Margaret Anna on Trafficking

In my ministry role today at the Intercommunity Peace & Justice Center, I have been invited to make a presentation to our Associates & Sisters at a community education day on human trafficking.  Since I feel like I've presented plenty to our community lately, I've invited one of my anti-trafficking colleagues from the Washington Anti-Trafficking Response Network to give the nitty gritty, "What does trafficking look like" presentation.

This freed me up to look into what our founder, Margaret Anna Cusack, might have to say to us about human trafficking.  This, my friends, was a very fun and enlightening experience.  You see, she was very attuned to the social realities and situation of oppressed people in her day.  In reflecting, I realized that she had a very keen eye and must have used an action/reflection process similar to what we today call the "Pastoral Circle"--experience, social analysis, reflection and action.

Her contemporary experience was the Irish famine.  The common folks were starving, and the young and able bodied (men and women) were being forced to emigrate to make money to keep their family alive back home.  Margaret Anna, then Sister Francis Clare Cusack of the Poor Clare Convent in Kenmare, County Kerry, experienced this first hand.  Her Sisters fed the poor in the area district, and she funded a famine relief fund for the people of Ireland through the sale of her books.  As an example of her impact, here's a tidbit from a letter to the editor of the Dublin Free Press by a Mr. J. Sullivan:

The poor, starving people have to depend almost entirely on the funds obtained by that lady for relief. She has disbursed within a very short period, very little short of $10,000, to the poor of that district ...

Serving the poor in need was not enough for her.  She asked questions as to why they were poor, and looked at the social structures that perpetuated (and created) the problem.  In terms of trafficking, she also looked at the situation where young women especially were made vulnerable to victimization.  She saw that they were being forced to emigrate to seek work, in factories or most often as domestic servants, and she was worried for their safety--spiritually as well as physically.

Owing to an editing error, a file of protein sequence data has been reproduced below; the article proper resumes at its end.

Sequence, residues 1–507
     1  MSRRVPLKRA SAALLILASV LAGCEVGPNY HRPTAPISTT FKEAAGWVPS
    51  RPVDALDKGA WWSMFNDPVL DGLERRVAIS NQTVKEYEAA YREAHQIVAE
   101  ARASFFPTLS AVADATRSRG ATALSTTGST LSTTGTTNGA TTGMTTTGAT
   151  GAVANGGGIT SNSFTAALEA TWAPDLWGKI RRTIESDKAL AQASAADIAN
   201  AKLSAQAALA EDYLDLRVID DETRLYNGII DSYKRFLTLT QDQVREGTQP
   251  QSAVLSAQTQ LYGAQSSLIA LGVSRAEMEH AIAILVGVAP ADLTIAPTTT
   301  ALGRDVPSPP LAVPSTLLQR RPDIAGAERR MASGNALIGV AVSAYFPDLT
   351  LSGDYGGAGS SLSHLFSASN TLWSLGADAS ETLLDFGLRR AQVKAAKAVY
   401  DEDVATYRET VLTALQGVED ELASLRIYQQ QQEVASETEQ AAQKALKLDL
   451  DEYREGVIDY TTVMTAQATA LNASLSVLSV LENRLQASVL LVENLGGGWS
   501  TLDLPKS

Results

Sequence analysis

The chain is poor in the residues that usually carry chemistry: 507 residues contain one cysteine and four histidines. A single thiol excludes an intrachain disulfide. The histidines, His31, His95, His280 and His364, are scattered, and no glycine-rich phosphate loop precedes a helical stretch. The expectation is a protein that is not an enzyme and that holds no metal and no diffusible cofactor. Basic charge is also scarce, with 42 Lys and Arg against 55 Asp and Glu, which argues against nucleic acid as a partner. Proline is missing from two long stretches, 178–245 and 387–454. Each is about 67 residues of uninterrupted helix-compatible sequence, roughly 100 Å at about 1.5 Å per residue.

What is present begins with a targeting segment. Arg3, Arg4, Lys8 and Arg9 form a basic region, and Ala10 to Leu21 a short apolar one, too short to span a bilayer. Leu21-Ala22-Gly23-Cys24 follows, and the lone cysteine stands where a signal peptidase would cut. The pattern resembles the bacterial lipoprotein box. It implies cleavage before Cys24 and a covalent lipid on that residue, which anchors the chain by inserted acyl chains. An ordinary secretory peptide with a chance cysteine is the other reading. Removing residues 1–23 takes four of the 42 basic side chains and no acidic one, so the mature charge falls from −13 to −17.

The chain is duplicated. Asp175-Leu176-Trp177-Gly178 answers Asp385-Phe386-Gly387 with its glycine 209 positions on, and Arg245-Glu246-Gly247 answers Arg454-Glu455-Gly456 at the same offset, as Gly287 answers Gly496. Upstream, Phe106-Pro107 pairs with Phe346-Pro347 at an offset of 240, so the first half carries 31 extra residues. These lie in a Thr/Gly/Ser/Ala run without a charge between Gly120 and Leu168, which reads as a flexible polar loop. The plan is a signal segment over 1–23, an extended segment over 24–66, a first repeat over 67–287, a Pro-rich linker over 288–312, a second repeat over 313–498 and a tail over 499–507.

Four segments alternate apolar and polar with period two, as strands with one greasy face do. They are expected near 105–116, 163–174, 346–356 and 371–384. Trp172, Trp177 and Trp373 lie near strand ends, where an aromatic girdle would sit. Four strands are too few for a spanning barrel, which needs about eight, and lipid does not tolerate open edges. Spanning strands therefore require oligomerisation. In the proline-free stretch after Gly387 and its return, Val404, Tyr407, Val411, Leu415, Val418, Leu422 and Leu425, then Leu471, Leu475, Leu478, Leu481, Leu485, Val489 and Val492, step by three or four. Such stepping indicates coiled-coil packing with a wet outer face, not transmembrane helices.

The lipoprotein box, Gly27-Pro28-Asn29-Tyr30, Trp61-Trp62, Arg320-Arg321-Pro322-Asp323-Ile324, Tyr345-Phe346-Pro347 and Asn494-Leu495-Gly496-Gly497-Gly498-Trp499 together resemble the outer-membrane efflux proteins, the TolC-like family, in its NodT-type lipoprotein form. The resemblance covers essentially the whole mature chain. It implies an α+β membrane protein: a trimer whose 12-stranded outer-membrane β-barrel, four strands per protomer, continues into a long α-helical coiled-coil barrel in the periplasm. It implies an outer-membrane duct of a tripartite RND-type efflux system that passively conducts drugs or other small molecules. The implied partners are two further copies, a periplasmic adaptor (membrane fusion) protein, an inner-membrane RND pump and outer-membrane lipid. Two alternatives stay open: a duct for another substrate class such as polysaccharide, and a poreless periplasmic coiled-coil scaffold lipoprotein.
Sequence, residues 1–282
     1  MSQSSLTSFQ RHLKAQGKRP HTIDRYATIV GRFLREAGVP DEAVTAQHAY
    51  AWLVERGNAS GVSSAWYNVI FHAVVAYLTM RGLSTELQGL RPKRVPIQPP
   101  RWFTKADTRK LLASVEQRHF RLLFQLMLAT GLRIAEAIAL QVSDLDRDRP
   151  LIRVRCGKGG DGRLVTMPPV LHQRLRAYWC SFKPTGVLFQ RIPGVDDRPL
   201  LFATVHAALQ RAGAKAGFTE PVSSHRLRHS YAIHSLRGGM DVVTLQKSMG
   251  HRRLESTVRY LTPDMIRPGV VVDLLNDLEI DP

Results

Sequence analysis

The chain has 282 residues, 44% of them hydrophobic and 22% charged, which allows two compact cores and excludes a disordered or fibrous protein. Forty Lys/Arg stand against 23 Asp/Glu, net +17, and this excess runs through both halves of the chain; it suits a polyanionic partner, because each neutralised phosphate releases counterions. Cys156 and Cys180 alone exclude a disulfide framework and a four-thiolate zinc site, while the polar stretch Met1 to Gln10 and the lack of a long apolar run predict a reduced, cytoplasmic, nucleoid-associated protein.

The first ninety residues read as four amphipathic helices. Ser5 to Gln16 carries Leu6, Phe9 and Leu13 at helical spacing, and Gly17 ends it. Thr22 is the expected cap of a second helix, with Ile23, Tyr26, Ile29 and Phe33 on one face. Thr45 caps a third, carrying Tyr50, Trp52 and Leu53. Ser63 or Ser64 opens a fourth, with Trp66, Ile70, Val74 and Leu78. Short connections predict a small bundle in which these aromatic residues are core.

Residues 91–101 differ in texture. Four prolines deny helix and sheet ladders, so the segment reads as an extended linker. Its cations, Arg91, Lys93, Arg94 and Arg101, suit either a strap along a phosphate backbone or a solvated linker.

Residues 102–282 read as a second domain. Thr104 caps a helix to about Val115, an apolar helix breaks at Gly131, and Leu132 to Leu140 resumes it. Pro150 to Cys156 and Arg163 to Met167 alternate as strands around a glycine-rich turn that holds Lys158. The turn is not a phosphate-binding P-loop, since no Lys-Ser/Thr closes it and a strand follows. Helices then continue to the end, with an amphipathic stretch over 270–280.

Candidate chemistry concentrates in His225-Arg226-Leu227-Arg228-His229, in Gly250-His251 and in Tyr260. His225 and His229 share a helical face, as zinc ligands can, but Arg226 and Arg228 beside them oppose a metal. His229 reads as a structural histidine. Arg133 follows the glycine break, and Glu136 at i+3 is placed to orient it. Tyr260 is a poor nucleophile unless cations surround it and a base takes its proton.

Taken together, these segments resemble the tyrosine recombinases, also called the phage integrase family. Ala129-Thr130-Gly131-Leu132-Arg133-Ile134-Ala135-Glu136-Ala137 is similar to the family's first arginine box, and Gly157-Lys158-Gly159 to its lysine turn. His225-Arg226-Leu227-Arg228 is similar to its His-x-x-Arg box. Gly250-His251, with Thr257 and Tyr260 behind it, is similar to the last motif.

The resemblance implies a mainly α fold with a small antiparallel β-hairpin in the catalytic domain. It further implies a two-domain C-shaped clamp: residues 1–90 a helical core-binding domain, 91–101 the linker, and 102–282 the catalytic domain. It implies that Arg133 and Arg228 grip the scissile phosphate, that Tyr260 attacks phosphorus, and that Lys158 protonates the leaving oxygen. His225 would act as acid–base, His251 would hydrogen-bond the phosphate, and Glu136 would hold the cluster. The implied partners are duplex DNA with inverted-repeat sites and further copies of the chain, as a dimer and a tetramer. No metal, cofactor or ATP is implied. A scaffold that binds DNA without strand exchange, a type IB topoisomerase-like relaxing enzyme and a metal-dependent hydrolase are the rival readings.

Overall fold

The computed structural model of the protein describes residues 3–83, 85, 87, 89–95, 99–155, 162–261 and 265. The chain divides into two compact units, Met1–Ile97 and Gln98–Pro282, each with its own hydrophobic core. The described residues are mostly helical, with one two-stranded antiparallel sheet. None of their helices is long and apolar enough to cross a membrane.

“How many girls are driven to a life which they abhor simply to get bread, the bread which is denied to them by those who squander on folly what is due to justice!”
“I knew that the only way out of their victimization was to help them become economically and intellectually independent.”

She reflected on what her faith taught her, and was motivated to do as much as she could for those who Jesus had loved so well ... poor and starving people.

And she acted.

I wish with all my heart that our girls were not obliged to leave their own country; but since they will do so, it is a most urgent duty of charity, and it would undoubtedly be a public benefit both to America and Ireland, to help them prepare for their future lives.

She founded St Joseph's Sisters of Peace in 1884.  She hoped to prepare young Irish women before they emigrated, giving them skills that would help them both to survive and support their families.  She also opened homes for "working girls"--in her day meaning simple girls that worked, as supposed to our current meeting.  These homes were places of safety, rest, and renewal.  Really, if you look at it through the lens of what we know about human trafficking, she was seeking to support vulnerable women and prevent them from being trafficked.

So, what does she have to say to us today about human trafficking?  Based on her own response in her day, I think she would encourage us today :

  • Meet the needs of vulnerable people (Charity)
  • Examine Root Causes (Social Analysis)
  • Make connections (Theological Reflection)
  • Act to change the systems where injustice
  • thrives (Systemic Justice)

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